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Honouring Our Children at Mohawk Park

Indigenous AffairsHonouring Our Children at Mohawk Park

The Brantford Region Indigenous Support Centre (BRISC) hosted the Honouring Our Children social to honour victims and their families impacted by residential schools on Friday, September 30, 2022.

Mohawk park was filled with more than 200 guests participating in the event, many of which wore orange shirts in honour of National Day for Truth and Reconciliation.

Local organizations came to the event to spread awareness and provide resources for Indigenous people in Brantford and the surrounding area.

The event began with the unveiling of artwork created by Jennifer Thomas, Kathy Moore, Monica Smoke, and Sheryl Henry to be hung inside the Mohawk Institute. The artwork featured 215 orange shirts and was made to honour victims of the residential school system. 

Jennifer Thomas, Kathy Moore, Monica Smoke, and Sheryl Henry’s artwork being revealed to the crowd during the Honouring Our Children event on Friday, September 30, 2022.

“It’s really about truth-telling. I think that it’s important to start that healing process. It’s important to be able to have those brave spaces for people to be able to tell their stories and say ‘this happened. We’re still here, we’re not going away.’ We really do need people to listen to us so that we can heal.” said Rebecca Wilson, Program Manager with the Survivors’ Secretariat. 

Guests browse through the booths around Mohawk Park during the Honouring Our Children event on Friday, September 30, 2022.

Over 20 booths were set up around Mohawk Park. The booths ranged from Indigenous vendors selling artwork, jewellery and clothing, to local organizations handing out freebies and offering education and resources for those in need.

Darienne Martin and Alexandra G. Rosetta pose for a photo at their Turtle Back Publishing booth during the Honouring Our Children event on Friday, September 30, 2022.

Alexandra G. Rosetta of Turtle Back’s Publishing emphasized the importance of honouring Indigenous history.

“It’s the importance of becoming aware, gaining your own knowledge and understanding of what the symbolism behind the orange means, what truth and reconciliation is and how the Canadian government can start to do better,” said Rosetta.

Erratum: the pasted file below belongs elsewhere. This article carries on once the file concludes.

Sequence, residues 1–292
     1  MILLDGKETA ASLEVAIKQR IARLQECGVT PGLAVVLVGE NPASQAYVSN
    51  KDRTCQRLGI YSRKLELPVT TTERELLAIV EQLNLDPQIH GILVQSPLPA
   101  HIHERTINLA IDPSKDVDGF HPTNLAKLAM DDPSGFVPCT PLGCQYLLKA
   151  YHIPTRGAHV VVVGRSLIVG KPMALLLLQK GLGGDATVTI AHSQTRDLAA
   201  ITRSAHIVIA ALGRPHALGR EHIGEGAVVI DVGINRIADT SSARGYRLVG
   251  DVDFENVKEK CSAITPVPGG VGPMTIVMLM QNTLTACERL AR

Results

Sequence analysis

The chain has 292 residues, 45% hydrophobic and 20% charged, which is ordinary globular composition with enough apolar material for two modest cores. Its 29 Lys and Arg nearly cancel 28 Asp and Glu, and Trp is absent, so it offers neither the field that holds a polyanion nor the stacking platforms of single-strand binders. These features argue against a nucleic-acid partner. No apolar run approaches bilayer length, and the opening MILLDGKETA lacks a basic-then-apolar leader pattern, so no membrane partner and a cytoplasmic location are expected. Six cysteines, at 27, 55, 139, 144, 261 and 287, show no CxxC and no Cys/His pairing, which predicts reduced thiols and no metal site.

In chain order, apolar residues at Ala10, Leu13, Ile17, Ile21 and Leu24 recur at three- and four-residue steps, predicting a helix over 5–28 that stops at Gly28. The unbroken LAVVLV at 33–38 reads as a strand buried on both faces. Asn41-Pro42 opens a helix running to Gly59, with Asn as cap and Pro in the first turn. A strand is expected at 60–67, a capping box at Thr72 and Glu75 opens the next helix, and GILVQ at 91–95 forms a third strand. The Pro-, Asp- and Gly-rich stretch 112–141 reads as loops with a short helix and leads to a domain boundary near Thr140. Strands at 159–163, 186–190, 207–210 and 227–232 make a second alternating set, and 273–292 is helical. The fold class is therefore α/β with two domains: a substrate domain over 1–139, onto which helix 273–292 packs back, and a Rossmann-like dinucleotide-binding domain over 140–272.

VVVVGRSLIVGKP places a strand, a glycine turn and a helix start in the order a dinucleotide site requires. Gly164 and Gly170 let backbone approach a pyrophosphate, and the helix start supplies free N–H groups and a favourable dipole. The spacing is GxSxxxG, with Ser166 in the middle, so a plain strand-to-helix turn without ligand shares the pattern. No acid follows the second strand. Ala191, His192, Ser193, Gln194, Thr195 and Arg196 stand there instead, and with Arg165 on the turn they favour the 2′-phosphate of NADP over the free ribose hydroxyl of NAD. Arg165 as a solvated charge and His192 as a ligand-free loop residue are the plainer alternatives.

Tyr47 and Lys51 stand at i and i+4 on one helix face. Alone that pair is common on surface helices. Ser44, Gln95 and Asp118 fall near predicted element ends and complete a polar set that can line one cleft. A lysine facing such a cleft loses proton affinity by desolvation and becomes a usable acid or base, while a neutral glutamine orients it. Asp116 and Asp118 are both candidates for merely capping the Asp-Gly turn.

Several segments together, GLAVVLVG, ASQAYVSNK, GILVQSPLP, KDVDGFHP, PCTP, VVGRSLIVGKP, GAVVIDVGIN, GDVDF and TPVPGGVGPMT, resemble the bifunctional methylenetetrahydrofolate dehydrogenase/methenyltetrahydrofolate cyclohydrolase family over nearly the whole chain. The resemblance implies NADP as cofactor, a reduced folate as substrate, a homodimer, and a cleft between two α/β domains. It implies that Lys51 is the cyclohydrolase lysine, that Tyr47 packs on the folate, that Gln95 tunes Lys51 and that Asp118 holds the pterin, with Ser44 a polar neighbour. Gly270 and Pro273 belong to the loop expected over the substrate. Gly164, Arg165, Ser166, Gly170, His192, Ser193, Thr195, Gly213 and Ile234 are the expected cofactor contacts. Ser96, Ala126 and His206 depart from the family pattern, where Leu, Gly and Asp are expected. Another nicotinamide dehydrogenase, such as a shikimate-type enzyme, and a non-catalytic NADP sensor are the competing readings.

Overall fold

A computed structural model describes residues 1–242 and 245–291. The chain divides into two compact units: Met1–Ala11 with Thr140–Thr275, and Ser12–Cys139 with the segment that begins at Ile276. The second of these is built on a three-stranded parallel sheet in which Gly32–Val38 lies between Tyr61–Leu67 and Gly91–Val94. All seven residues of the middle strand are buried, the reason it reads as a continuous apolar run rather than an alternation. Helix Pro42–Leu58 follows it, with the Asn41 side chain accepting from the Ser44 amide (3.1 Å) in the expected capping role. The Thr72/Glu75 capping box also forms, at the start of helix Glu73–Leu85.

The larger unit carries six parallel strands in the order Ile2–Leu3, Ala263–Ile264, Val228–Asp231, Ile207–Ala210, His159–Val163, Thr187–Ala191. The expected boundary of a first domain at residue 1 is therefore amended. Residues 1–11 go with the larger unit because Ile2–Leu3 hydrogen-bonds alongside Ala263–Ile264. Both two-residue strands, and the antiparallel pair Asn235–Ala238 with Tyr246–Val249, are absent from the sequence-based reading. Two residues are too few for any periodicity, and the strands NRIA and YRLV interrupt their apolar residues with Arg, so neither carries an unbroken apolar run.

Darienne Martin of Turtle Back’s Publishing shared her own family’s experience with the residential school system.

“This event means that we are still here. I know that my great aunt was in (a) residential school. To this day, she still can’t utter the word or anything about it, and then she’ll start shaking and crying. So it kind of means that we’re still here and we’re still feeling the effects of everything that happened,” said Darienne.

A social dance accompanied by live traditional music was held. Guests were encouraged to join in and celebrate Indigenous culture.

Community members enjoy the social dance during the Honouring Our Children event on Friday, September 30, 2022.

Nick Martin, an attendee at the Honouring Our Children event, encouraged the community to continue advocating for Indigenous peoples.

“​​You really hope for some sort of meaningful change, or at least acknowledgement of what’s going on, because it’s so easy to just forget about the day once it’s gone past,” said Nick.

Cheryl Adams, another guest at the event, stressed the impact that residential schools have on Indigenous communities.

“We’re all affected, right? We might not know it. But our body remembers it. Intergenerational trauma is embedded in our DNA. So we need to heal,” said Adams.

Traditional Indigenous music was played for guests to enjoy during the Honouring Our Children event on Friday, September 30, 2022.
Melanie Burning and little Madison smile for a picture during the Honouring Our Children event on Friday, September 30, 2022.
Avery, age 3, Charles, age 3, Allister, age 3, and Ian create crafts in honour of Truth and Reconciliation day during the Honouring Our Children event on Friday, September 30, 2022.

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